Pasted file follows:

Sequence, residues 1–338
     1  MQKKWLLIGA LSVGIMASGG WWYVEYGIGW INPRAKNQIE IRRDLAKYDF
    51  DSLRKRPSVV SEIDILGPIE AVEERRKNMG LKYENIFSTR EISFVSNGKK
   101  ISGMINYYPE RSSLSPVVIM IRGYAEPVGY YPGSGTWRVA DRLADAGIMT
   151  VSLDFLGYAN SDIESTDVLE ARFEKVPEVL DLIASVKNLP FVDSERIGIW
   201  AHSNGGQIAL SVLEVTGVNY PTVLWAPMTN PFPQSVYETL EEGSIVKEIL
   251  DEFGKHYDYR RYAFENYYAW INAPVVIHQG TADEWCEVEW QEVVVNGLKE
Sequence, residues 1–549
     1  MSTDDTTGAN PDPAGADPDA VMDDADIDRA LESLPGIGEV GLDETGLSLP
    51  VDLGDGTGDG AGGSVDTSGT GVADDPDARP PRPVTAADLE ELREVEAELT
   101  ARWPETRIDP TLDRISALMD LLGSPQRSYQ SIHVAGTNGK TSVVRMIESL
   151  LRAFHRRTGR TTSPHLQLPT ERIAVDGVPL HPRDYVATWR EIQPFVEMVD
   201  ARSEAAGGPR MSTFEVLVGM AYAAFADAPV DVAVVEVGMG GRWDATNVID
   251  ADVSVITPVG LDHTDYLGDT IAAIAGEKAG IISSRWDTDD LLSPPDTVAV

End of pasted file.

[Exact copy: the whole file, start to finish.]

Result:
Sequence, residues 1–338
     1  MQKKWLLIGA LSVGIMASGG WWYVEYGIGW INPRAKNQIE IRRDLAKYDF
    51  DSLRKRPSVV SEIDILGPIE AVEERRKNMG LKYENIFSTR EISFVSNGKK
   101  ISGMINYYPE RSSLSPVVIM IRGYAEPVGY YPGSGTWRVA DRLADAGIMT
   151  VSLDFLGYAN SDIESTDVLE ARFEKVPEVL DLIASVKNLP FVDSERIGIW
   201  AHSNGGQIAL SVLEVTGVNY PTVLWAPMTN PFPQSVYETL EEGSIVKEIL
   251  DEFGKHYDYR RYAFENYYAW INAPVVIHQG TADEWCEVEW QEVVVNGLKE
Sequence, residues 1–549
     1  MSTDDTTGAN PDPAGADPDA VMDDADIDRA LESLPGIGEV GLDETGLSLP
    51  VDLGDGTGDG AGGSVDTSGT GVADDPDARP PRPVTAADLE ELREVEAELT
   101  ARWPETRIDP TLDRISALMD LLGSPQRSYQ SIHVAGTNGK TSVVRMIESL
   151  LRAFHRRTGR TTSPHLQLPT ERIAVDGVPL HPRDYVATWR EIQPFVEMVD
   201  ARSEAAGGPR MSTFEVLVGM AYAAFADAPV DVAVVEVGMG GRWDATNVID
   251  ADVSVITPVG LDHTDYLGDT IAAIAGEKAG IISSRWDTDD LLSPPDTVAV